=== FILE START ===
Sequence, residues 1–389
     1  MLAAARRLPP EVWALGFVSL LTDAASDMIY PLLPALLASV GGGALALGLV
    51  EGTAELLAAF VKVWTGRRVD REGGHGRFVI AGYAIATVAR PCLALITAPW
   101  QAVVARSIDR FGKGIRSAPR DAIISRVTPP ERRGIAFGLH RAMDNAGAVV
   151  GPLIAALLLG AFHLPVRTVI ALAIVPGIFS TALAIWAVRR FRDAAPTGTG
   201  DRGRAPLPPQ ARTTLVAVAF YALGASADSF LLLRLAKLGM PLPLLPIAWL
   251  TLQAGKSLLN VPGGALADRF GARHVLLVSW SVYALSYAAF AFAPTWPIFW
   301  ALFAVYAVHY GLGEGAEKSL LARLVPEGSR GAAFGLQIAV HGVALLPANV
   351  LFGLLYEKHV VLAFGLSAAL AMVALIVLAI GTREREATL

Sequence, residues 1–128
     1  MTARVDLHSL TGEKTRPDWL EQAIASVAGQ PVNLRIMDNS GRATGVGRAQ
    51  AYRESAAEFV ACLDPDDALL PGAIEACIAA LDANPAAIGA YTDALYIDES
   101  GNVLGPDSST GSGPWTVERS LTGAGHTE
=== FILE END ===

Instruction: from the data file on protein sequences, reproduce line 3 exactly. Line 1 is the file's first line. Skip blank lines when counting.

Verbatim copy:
    51  EGTAELLAAF VKVWTGRRVD REGGHGRFVI AGYAIATVAR PCLALITAPW